Homesteader in the Making…

We spent our first Saturday morning in town with our wedded son.

It was his 1st anniversary and L-Say Mac was at work.

Simon invited us over to help make sausages.

Our outdoorsy son was becoming more of the homesteader as the months wore on.

He and his wife are budding entrepreneurs building their own  bird show business which includes owning and raising two blue winged macaws, Walter and Lemon, a lovely rose breasted cockatoo named Gil and now four chicks, a few weeks old, that will run around the stage in their show and lay eggs for them as oft as chickens are wont to do when they’re not performing.


There is a heat lamp in the cage and the mop in the foreground is a surrogate Mum!

Our son has always loved being self sufficient.  He doesn’t hunt but he does grow vegetables and he is very handy especially with wood.  He made a couple of beer pulls for the restaurant where he works using the design skills of his film maker brother for the graphics.


They were very well received, as was the beer which he has been brewing for them over the last few months.

Several years ago, after buying him a beer making kit for his birthday (21st!) we bought him a sausage making machine and today was the day he chose to break it out and make a batch of sausages!

He had smoked some pork belly for five hours and when we arrived hubs was drafted into service, after a cup of coffee and a,  “Good morning!”

Passing the smoked meat and pork shoulder through the grinder was not too bad the first time round.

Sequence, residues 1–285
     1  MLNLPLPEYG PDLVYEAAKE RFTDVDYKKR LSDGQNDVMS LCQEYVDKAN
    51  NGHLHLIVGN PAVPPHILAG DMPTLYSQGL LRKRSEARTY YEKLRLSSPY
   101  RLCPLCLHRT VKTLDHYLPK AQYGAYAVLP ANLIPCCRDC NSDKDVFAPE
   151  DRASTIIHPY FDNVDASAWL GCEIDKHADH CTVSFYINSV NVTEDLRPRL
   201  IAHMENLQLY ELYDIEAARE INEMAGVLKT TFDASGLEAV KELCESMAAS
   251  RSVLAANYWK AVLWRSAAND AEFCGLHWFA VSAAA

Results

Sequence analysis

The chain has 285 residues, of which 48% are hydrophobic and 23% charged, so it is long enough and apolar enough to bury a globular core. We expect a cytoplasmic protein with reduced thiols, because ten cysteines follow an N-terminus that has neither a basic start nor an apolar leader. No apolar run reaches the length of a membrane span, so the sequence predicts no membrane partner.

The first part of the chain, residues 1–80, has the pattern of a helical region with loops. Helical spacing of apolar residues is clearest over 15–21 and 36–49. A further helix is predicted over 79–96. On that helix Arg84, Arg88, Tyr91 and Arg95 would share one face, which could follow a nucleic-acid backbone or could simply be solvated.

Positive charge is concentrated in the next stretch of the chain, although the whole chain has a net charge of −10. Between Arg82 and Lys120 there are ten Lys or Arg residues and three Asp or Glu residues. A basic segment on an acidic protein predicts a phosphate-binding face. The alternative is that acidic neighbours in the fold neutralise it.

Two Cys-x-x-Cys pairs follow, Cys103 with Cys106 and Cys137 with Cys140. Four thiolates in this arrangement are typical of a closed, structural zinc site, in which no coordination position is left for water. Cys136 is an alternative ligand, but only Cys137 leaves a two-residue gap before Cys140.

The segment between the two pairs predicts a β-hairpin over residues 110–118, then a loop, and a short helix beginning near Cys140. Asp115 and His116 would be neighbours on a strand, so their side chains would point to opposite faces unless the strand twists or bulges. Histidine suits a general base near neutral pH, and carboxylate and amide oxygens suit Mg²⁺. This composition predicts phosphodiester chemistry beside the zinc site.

The next round included cheddar cheese, you can see the pale yellow as it passes through the sieve,


and here go the jalepenos,


described as ‘fresh’ when our son tried a piece and had to rinse his mouth with milk!

Yes, you did see the top layer of their wedding cake in the background, I moved it to the table!

He soaked the sausage casings, made from pig intestines, to get them supple before rinsing them with water to remove the preservative salt,


I was quite surprised at their durability.  He then fed one length onto a tube for the final pass through of the sausage mixture into the casing.  The process was getting more difficult because of the fat content.

Would you look at this!


Lots of jalepno in this first one.

Very professionally, Simon skipped a link and twisted (otherwise it untwists the first twist…)

Before long he had a couple of dozen authentic looking bangers!


After almost three hours we left enlightened on the culinary art of sausage making.


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